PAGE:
The Wind-Up Bird Chronicle

by Haruki Murakami
adapted for the stage by Stephen Earnhart and Greg Pierce
Singapore Arts Festival 2012
Esplanade Theatre, Singapore

It's taken American filmmaker Stephen Earnhart seven years to transport Murakami's acclaimed novel to the stage and one can see why. This lavish adaptation of The Wind-Up Bird Chronicle has almost everything that one could imagine: film, holographic projections, dance, puppetry, experimental live music and more. Earnhart's production has a stunning filmic quality but it is ultimately his ability to conjure up, in his own words, "a theatre of dreams" that is most deserving of praise.

Anyone who has read a Murakami novel will be familiar with his lonely, diffident characters searching for some direction in their lives. It's also hard to forget the author's unique brand of "magic realism" which manifests itself through split narratives and alternate realities that can often beguile the reader. Earnhart manages to evoke this meandering, fragmented texture in his production while anchoring it the basic story of a man on a quest to search for his missing wife and cat.

Japanese-American actor James Yaegashi gives a solid performance as Toru Okada, conveying the bumbling uncertainty of the everyman whose life has suddenly taken on a rather macabre turn. There is also good support by James "Shredder" Saito as slimy politician Noboru Wataya and Stacey Yen as Creta Kano, a silky-smooth "prostitute of the mind" who offers Toru words of advice.

Earnhart has the actors perform most of the play in English but the narrative occasionally slips into Japanese. I could see how this served to distinguish the dream-like sequences such as Toru's recollections of his estranged wife or darker moments in the story like the scene of a war veteran recounting his harrowing experiences. However, the linguistic switch seemed to serve no other purpose and I found it distracting having to read the surtitles instead of being able to enjoy the lush visuals unfolding on stage.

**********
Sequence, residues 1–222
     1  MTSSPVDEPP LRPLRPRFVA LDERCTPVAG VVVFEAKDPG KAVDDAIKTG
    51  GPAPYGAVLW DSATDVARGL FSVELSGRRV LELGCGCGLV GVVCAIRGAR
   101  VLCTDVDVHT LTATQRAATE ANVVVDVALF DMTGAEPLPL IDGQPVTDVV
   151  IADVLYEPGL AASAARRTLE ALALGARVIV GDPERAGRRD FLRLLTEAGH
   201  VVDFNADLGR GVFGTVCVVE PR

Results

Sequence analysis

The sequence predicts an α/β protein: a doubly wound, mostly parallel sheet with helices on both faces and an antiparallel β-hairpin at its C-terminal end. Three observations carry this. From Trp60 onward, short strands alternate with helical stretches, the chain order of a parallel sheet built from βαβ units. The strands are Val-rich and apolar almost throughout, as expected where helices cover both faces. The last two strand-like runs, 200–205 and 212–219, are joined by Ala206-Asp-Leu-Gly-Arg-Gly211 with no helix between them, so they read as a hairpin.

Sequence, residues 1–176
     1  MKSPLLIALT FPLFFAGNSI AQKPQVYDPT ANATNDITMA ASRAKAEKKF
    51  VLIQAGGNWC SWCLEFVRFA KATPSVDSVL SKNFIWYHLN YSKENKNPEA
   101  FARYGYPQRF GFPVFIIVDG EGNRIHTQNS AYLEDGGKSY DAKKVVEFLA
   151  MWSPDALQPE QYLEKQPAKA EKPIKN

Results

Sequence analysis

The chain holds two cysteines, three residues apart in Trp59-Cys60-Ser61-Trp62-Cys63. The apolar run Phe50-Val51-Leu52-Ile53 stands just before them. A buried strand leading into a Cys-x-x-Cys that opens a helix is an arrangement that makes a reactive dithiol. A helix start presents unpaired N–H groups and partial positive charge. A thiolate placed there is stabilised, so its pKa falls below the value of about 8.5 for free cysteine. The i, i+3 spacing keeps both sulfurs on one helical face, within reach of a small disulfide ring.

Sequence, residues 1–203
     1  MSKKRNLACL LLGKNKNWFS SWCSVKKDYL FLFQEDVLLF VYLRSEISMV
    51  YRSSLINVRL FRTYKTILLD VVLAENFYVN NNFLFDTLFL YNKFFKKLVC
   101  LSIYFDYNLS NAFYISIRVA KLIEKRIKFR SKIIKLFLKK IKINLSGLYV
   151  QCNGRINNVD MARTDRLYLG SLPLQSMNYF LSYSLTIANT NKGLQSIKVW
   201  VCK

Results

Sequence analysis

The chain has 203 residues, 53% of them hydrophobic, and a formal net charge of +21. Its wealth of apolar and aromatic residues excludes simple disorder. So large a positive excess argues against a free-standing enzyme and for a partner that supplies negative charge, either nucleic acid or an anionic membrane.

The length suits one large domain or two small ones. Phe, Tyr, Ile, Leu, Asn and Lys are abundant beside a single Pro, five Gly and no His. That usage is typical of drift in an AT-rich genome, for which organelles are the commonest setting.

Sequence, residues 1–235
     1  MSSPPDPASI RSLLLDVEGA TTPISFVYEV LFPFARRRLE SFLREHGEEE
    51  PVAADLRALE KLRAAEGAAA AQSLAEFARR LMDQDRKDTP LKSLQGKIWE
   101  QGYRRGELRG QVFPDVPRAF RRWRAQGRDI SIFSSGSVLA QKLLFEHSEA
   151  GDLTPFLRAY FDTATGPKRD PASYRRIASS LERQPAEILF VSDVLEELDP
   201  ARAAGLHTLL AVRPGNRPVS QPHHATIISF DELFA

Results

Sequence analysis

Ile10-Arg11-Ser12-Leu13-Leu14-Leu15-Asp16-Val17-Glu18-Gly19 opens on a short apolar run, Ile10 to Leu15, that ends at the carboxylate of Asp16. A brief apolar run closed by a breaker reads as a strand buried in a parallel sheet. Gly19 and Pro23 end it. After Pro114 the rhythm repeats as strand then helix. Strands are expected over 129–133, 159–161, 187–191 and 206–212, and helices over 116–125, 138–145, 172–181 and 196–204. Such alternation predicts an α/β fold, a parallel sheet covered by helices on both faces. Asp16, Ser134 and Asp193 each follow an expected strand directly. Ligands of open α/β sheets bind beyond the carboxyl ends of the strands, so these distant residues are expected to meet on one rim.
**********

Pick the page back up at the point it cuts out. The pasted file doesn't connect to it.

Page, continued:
Particular praise must go to the puppetry design by Tom Lee which makes use of traditional Japanese bunraku and is used to suggest the dream world of Toru. His sensation of being stuck in a well and romantic memories of his wife are beautifully conveyed through the small, skeletal figures. In a haunting sequence, we see the image of two people lying in bed side by side, physically close but yet emotionally miles apart.

Earnhart conjures up the blurring lines between dreams and reality that feature in the novel in his treatment of the play's many fantasy sequences. A dance show on television is brought to life in an energetic swirl of colour. The image of a jellyfish at the aquarium where Toru and his wife first meet is suggested by trailing an evanescent dress through the air like a wisp of smoke. Indeed, this is Murakami in all three glorious dimensions. 

I was initially somewhat apprehensive at the thought of a Murakami novel being made into a play. The film version of Norwegian Wood by Tran Anh Hung proved fairly disappointing, reducing the rich emotional landscape of the book into a saccharine, doe-eyed love story. Fortunately, Earnhart's adaptation of The Wind-Up Bird Chronicle is both visually lush and extremely faithful to the text. It offers no neat answers, refuses to romanticise any of the characters and above all, highlights the constantly fleeting nature of memories that characterise the plot. A magnificent transition from page to stage.

The Crystalwords score: 8/10


  1. I love the book, but it boggles my mind how this could ever be made into a play! Surely the story is way too complicated. I'd love to see it and find out


Post a Comment

Popular Posts